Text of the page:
Writer Hannah-Rose Yee described her grandmother’s gua sha ritual in Stylist magazine: “To this day, she takes her gua sha and methodically runs it over her face in smooth, elegant motions every evening. I was obsessed with this ritual as a child. I would sit at the foot of her bed and watch her, rapt, as she smiled at me in the mirror’s reflection. She once gave me the gua sha to hold, and I remember how cold and heavy it felt in my hands. When I got older, she showed me how to do it myself. Today, I do a gua sha ritual of my own once a week with a rose quartz roller. I hope one day that my grandmother will pass on her jade gua sha tool to me.”
But perhaps few things encourage users to slow down and reconsider more thoroughly than the application of heat, used by many cultures across the ages, including the Aztecs. For at least 700 years before Spanish colonisers landed in ancient Mesoamerica, temazcals were volcanic sweat lodges in which tired Aztecs bathed, not in water but in steam. Temazcal comes from the word temāzcalli, or “house of heat” in the Nahuatl language, and most temazcals resembled domed structures, made from volcanic rock, and were symbolic of mother nature’s womb, suggesting ideas of rebirth.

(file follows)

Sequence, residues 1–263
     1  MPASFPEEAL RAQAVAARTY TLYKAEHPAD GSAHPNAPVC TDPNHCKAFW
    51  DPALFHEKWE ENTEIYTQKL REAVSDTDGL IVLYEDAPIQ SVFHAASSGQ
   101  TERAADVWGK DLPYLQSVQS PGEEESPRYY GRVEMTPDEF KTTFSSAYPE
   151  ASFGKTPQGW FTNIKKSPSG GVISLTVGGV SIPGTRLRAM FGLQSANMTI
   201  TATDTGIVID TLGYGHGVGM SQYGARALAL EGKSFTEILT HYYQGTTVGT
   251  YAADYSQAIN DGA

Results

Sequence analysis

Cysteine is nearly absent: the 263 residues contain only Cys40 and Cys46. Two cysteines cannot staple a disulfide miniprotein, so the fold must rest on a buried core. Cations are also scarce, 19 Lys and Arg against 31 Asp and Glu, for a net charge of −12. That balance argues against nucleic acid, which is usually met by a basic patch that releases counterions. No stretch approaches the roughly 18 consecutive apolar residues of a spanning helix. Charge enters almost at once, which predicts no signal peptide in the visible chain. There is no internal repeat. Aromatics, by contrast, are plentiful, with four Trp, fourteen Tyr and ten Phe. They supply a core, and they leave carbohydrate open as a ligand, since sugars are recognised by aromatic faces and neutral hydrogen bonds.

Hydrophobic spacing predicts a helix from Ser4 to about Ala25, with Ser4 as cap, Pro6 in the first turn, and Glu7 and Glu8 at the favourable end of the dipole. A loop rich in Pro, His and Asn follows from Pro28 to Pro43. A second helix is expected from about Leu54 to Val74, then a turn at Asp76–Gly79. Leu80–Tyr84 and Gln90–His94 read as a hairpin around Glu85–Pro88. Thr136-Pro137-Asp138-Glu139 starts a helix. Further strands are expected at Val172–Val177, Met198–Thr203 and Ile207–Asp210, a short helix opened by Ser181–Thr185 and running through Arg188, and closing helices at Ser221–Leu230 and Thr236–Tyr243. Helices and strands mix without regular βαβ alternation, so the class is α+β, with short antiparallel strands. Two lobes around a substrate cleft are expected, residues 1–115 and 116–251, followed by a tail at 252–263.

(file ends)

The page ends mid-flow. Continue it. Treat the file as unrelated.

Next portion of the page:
Modern science has shown that the Aztecs were right. Steam can help clear blocked respiratory systems and soothe some other ailments. Ancient Mayans often carried out temazcal ceremonies for warriors returning from battle, which combined Mesoamerican chants, meditation and heated rocks doused with herb-infused water to create an aromatic steam. Today, saunas continue to reap similar benefits.
Irani has high hopes for the return of ancient rituals. “Disrupting the very elements we are made of has caused many of the issues we see in the world today. But if we bring about balance to the elements – to ourselves first and to the environment around us – we will see a positive change in the way we live.”
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